Date: Sunday, 24th June; Morning (1/2 day)

Workshop Aims

As Minimally Invasive Surgery (MIS) is being adopted in a wide range of surgical specialties, there is a convergence of endoluminal and endoscopic therapies for different surgical specialities. For the gastrointestinal tract, for example, there is an increasing need to deploy surgical instruments and deliver therapeutic agents to small ductal systems for diagnosing and treating diseases. For the respiratory system, endobronchial procedures are increasingly used for interventions such as thermoplasty, valve placement for lung volume reduction, and locating peripheral nodules for cancer biopsy. For minimally invasive cardiovascular intervention, the use of the endovascular approach has been extended beyond cardiac ablation, angioplasty and stenting to complex aneurysm repair and valve replacement.   Technically, different solutions have been proposed for endoluminal intervention. Continuum robotics such as concentric tubes, multi-backbone and soft structures have evolved from a niche area to one that has been extensively researched. The structure and flexibility of continuum robots has generated interest among clinicians in potential medical applications.  The purpose of this workshop is to address clinical opportunities, technical requirements and regulatory challenges for translating continuum robotics to practical clinical use. It is designed an interactive workshop between researchers, engineers and clinicians to brainstorm about the different areas and identify barriers to using continuum robots in a clinical setting. The result of the workshop will be to create a list of technical and clinical challenges that need to be resolved while also serving to build bridges between the clinical, engineering and regulatory communities.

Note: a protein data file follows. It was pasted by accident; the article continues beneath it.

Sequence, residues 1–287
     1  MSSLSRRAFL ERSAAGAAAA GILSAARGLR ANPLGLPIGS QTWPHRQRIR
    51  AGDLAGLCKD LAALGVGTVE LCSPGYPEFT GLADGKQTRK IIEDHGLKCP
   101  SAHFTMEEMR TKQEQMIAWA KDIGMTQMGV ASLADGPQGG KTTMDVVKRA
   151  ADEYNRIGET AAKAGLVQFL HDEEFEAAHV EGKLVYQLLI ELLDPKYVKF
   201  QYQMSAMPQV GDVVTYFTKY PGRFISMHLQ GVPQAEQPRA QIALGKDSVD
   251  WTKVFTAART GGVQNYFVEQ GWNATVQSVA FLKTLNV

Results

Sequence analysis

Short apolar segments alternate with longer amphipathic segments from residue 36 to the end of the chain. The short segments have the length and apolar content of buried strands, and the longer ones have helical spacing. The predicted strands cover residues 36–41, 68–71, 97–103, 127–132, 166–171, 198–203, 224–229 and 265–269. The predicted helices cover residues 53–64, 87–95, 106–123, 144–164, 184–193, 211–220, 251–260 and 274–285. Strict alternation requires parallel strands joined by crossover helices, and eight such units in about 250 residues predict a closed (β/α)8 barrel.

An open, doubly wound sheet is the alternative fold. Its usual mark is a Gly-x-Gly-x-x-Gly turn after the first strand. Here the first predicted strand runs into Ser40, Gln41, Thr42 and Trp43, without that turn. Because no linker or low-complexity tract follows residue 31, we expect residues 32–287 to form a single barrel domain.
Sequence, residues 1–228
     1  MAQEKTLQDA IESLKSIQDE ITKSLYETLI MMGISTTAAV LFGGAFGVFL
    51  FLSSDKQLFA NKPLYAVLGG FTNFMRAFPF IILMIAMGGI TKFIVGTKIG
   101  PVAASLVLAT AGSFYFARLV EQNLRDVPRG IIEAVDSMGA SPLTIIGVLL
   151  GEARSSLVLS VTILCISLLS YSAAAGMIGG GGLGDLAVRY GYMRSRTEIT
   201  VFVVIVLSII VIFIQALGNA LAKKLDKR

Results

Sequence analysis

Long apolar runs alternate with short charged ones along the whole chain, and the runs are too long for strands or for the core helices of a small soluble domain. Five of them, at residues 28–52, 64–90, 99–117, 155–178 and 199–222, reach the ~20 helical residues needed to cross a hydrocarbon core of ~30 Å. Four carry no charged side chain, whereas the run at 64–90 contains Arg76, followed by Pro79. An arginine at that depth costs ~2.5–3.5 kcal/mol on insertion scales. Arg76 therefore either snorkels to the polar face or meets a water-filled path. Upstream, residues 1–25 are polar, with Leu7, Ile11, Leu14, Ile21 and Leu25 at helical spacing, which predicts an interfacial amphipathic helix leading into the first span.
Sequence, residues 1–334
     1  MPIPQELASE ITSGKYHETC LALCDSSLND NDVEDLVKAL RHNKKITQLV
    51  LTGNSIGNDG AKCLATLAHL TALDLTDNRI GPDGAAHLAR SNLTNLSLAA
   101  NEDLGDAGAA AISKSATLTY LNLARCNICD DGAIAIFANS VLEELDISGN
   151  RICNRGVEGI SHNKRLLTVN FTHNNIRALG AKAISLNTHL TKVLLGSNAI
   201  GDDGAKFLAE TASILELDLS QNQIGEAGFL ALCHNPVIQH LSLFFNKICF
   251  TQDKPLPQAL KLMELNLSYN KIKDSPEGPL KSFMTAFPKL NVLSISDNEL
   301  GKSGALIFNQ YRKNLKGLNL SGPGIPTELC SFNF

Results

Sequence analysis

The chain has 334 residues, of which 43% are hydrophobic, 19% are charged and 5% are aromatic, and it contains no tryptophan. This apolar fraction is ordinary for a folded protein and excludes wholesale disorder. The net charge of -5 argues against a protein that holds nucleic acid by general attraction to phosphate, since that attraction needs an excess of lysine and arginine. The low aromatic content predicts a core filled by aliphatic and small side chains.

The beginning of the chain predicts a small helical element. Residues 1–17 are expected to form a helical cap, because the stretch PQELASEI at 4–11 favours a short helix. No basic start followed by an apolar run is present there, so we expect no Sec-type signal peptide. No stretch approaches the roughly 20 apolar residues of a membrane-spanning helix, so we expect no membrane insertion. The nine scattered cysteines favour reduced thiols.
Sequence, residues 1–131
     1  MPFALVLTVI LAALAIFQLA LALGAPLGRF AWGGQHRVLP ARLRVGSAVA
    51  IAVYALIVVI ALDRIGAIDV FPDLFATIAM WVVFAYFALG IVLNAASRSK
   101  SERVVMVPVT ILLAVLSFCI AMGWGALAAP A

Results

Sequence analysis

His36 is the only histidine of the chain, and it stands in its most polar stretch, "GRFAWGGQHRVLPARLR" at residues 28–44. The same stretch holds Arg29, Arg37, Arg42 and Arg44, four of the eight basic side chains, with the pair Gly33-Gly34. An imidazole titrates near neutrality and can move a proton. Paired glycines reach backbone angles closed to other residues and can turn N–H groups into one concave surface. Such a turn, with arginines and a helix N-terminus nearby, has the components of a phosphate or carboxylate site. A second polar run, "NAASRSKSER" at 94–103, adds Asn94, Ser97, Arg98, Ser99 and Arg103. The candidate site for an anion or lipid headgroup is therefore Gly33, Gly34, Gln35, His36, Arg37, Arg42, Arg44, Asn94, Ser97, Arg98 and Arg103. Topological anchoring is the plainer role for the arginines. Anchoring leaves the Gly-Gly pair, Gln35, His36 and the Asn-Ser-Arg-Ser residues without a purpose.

Topics to be covered

  • Actuation mechanisms and new materials
  • Continuum robot and flexible instrument design
  • Surgical tool path planning and navigation
  • Ergonomics, design, miniaturisation and system integration issues
  • Kinematics and dynamics
  • Control schemes and real-time issues
  • Integrated sensing and imaging
  • Clinical applications (endoscopic surgery; endobronchial, endovascular interventions; neurosurgery, otolaryngology, urology and gynaecology, and other emerging clinical applications)


  • Philip Chiu, Chinese University Hong Kong, China
  • Thomas Looi, Hospital for Sick Children, Canada
  • Robert Webster, Vanderbilt University, USA

Sponsored by:




EPSRC Programme Grant on Micro-robotics for Surgery and Wellcome Trust Translational Partnership in Robotic Surgery